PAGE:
“notre rôle de penseurs est d’approfondir ce qu’il en est du langage, de critiquer l’idée plate d’information, de révéler une opacité irrémédiable au sein du langage lui-même. Celui-ci n’est pas un “instrument de communication”, c’est un archipel hautement complexe formé de domaines de phrases à régimes si différents qu’on ne peut pas traduire une phrase d’un régime … en une phrase d’un autre … Toutes les recherches des avant-gardes scientifiques, littéraires, artistiques depuis un siècle vont dans cette direction, à découvrir l’incommensurabilité des régimes de phrases entre eux… Freud, Duchamp, Bohr, Gertrude Stein, mais déjà Rabelais, Sterne, sont des postmodernes en ce qu’ils mettent I’accent sur les paradoxes, qui attestent toujours l’incommensurabilité… la philosophie française des dernières années, si elle a été postmoderne de quelque manière, c’est qu’elle a mis à travers sa réflexion sur la déconstruction de l’écriture (Derrida), sur le désordre du discours (Foucault), sur le paradoxe épistémologique (Serres), sur l’altérité (Lévinas), sur l’effet de sens par rencontre nomadique (Deleuze), c’est qu’elle a mis ainsi l’accent sur les incommensurabilités” (Lyotard, TOMBEAU DE L’INTELLECTUEL, 84-85).

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BADIOU, LATOUR ET LES DEUX POST-MODERNITÉS

Il n’y a que des corps et des langages, sinon qu’il y a des vérités“. Ce maxime proposé par Alain Badiou dans la préface de son livre LOGIQUES DES MONDES contient la formule du relativisme post-moderne et de son dépassement. “Il n’y a que des corps et des langages” exprime déjà une hypothèse ontologique et sous-tend une épistémologie. C’est l’axiome du matérialisme démocratique où tout se vaut, aucun point de vue n’est plus vrai qu’un autre. En tant que telle, ce n’est pas une thèse idiote, elle témoigne déjà d’un niveau d’abstraction et d’émancipation des préjugés considérable. Néanmoins, elle exprime un réductionnisme radical, hostile à l’émergence de toute exception à son régime de visibilité et de dicibilité.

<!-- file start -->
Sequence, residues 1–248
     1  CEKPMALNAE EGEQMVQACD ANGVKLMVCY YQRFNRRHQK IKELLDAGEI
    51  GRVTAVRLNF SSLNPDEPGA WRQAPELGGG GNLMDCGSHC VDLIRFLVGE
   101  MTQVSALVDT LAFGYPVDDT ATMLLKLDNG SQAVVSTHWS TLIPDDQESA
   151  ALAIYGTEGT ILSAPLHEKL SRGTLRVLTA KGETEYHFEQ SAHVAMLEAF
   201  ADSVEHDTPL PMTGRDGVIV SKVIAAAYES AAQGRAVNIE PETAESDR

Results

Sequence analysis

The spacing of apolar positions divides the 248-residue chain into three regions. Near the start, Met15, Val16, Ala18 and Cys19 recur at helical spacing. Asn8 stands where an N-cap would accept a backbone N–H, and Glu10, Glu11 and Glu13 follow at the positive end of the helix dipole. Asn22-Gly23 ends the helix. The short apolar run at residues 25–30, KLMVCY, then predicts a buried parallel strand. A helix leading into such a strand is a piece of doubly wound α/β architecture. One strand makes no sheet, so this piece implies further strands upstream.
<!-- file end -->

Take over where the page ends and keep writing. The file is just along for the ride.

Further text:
Une version philosophique contemporaine du maxime tronqué serait “il n’y a que des objets”, et la seule orientation de pensée autorisée serait l’orientation objectuelle. Graham Harman, inventeur de la “philosophie orientée vers l’objet” a produit une ontologie homologue à l’ontologie du matérialisme démocratique, et a connu un certain succès parmi les artistes postmodernes à la recherche de légitimation pour leurs oeuvres dans un contexte de dé-légitimation généralisée. Leur désir de sortir du matérialisme démocratique est louable, mais la fameuse “OOO” (object-oriented ontology) ne sert qu’à les enfoncer encore plus.